The evidence provided by my opponent has in fact shown the great chasm that exists between the significant property value gains home owners have achieved and the comparatively miniscule increases in property taxes.

They are so far apart that even the poorest of the poor would find it more financially beneficial to retain their property via refinancing and watch year after year their wealth grow as their property value increase at a much higher rate than their mortgage balance.

To suggest that it would be more beneficial for these individuals to stay in a home that enjoys a rate of growth that mirrors their own meagre income is counterproductive.

It would leave them little opportunity to further grow their wealth, and home owners would find themselves in a long term situation that is not beneficial, not advantageous, and certainly not good.

1) http://www.twincities.com...

2) http://www.twincities.com...
Debate Round No. 4
13 comments have been posted on this debate. Showing 1 through 10 records.
Posted by whiteflame 1 year ago
whiteflame
I think I'll just leave the votes as they stand. I'm... just not in the right frame of mind to vote on this tonight. Read through about half of it, and it's just not coming together well in my head for some reason.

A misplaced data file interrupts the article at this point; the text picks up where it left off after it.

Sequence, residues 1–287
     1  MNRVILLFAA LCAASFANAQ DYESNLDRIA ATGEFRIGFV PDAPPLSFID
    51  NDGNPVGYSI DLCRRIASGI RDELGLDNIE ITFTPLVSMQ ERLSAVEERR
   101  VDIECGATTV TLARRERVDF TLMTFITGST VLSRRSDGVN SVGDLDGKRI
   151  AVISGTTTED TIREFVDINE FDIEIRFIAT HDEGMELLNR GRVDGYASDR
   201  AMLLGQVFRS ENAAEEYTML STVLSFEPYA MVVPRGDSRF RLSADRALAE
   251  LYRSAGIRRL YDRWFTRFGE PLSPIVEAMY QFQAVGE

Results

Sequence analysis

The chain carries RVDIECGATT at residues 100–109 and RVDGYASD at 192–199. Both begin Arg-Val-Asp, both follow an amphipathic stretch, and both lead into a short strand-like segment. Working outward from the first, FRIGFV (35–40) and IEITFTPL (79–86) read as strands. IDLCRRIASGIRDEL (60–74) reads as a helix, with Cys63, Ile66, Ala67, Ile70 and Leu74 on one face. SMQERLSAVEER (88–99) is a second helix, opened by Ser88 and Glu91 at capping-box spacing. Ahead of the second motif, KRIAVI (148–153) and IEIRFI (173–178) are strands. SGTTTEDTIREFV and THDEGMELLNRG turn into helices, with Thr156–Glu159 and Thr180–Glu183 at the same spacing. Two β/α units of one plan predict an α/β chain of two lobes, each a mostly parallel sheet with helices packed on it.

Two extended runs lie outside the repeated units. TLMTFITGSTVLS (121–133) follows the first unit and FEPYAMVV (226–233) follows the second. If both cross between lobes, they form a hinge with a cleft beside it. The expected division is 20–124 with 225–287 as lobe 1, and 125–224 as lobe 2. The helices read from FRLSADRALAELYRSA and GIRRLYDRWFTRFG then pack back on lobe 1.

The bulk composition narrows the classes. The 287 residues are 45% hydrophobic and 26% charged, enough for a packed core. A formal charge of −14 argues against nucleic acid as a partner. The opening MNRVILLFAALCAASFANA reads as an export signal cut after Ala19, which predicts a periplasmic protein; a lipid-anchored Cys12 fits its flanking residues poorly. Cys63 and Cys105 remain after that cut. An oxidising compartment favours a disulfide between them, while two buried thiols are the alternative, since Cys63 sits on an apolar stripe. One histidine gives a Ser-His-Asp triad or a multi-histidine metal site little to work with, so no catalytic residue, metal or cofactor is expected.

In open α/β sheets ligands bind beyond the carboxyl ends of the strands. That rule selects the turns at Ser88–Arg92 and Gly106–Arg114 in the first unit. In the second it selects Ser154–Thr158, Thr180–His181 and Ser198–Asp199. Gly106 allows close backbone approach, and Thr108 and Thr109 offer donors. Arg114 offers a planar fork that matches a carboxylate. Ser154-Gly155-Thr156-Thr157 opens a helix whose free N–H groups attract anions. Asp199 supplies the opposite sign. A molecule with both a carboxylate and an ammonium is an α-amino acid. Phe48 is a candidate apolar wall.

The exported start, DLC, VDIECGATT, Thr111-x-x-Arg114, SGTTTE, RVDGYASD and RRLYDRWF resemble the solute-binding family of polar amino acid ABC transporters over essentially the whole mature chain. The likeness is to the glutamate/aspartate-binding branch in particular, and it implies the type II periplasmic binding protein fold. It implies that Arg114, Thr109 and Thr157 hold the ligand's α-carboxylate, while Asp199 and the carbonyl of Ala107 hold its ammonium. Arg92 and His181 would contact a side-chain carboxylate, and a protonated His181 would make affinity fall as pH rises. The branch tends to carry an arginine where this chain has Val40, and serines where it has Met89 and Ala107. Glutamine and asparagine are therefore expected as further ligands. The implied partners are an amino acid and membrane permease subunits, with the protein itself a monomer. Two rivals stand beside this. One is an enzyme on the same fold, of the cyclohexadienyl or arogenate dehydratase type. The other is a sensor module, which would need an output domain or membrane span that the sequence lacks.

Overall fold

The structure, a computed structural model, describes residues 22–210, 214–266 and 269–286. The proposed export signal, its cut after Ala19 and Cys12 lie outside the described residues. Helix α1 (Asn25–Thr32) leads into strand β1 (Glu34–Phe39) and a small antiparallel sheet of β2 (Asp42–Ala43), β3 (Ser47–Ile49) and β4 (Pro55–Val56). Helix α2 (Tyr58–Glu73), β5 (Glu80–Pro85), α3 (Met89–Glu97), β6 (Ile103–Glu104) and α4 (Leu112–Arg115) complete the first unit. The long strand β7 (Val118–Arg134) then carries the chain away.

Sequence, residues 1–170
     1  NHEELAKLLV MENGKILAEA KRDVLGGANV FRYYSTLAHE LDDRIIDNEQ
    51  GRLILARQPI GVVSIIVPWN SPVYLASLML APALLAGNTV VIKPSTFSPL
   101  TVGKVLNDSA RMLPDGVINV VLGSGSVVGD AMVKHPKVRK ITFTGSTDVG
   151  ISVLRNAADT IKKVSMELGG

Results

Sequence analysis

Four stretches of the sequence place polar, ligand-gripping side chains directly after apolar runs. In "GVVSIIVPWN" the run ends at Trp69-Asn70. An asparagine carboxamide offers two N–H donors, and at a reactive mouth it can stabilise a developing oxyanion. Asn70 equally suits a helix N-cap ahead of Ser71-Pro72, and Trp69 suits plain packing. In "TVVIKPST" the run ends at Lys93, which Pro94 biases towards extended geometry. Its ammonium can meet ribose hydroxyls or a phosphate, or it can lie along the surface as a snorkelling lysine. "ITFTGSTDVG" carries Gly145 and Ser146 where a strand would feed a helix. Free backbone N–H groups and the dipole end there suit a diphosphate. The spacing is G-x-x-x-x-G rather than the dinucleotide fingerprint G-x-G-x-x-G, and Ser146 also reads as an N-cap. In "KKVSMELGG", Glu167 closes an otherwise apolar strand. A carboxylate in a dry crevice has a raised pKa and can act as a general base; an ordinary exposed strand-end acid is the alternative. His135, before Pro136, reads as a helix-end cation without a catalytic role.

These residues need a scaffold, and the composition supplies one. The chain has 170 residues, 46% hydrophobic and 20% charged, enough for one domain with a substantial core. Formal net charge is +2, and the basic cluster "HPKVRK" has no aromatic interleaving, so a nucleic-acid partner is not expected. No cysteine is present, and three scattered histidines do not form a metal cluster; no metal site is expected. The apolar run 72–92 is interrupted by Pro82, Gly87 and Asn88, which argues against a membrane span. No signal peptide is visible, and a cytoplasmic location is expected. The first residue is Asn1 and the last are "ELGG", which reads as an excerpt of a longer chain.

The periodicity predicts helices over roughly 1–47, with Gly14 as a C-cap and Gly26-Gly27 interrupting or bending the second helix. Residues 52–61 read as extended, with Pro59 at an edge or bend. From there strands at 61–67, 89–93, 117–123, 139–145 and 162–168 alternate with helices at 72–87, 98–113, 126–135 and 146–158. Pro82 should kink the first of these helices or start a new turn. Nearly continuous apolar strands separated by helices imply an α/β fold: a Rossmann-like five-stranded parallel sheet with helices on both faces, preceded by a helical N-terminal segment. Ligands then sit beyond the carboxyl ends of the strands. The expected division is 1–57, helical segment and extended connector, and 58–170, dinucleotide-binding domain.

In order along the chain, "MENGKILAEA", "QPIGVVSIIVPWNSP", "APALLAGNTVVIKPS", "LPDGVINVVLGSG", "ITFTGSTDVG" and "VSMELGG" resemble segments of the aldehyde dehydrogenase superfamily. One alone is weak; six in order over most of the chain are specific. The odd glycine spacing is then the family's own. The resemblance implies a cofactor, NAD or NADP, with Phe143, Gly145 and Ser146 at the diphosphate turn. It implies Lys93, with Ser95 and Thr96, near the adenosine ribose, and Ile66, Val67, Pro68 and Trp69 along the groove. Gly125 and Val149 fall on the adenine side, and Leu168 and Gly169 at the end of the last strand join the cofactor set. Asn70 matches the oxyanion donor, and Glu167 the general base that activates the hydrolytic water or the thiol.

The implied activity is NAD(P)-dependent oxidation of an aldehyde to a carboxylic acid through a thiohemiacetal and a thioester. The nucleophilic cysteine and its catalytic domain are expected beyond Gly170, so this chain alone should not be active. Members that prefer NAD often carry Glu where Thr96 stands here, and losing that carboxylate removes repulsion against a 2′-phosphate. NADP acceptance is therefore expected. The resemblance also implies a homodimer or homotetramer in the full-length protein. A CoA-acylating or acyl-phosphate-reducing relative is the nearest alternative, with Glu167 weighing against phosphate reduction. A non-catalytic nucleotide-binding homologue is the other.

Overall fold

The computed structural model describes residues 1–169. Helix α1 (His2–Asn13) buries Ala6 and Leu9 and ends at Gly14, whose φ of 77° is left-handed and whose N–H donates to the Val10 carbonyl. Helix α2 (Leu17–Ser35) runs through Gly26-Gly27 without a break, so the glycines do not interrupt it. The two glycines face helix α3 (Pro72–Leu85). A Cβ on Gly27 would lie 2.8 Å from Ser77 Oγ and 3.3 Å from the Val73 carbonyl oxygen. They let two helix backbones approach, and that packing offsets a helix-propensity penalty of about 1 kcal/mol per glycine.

Posted by Blade-of-Truth 1 year ago
Blade-of-Truth
Wow, thank you for the detailed RFD Zarroette! I'll definitely take your tip into consideration for the future regarding how even the act of getting a mortgage could be a burden in and of itself. I'll also pay closer attention to my wording regarding split BOPs. I'm still somewhat new at instigating my own debates, but I'm learning more and more as I go.
Posted by Zarroette 1 year ago
Zarroette
RFD 1/4

An increase in property value isn't always beneficial for the home-owner.

Pro has to show isn"t always beneficial
Con has to show that it is always beneficial
BoP shared

RFD

I found this debate laden with some heavy economic terms and concepts, particularly from Con. If I have misinterpreted some of those terms, feel free to let me know. Also, I will be happy to revise my vote if you think I made a mistake, so please point out any mistakes you think I made, and we can discuss them.

The debate structure was unique and a bit deceptive. As Pro notes later in the debate, Con does have a huge burden of proof, given that Con has to show that an increase in property value is *always* beneficial. All Pro has to do is put past Con a single instance of this not being the case and the debate is in Pro"s favour. I am not sure why Pro elected to make the BoP shared. My interpretation of sharing the BoP means that both sides must at least make respective arguments for their side, which places a negative proof fallacy burden on Con, but Con accepted the debate. So, what I will be looking for is any argument from Pro, that is not wholly negated by Con, that shows a single instance of an increase in property is not beneficial to the homeowner. Anyway, let us have a look at the contentions.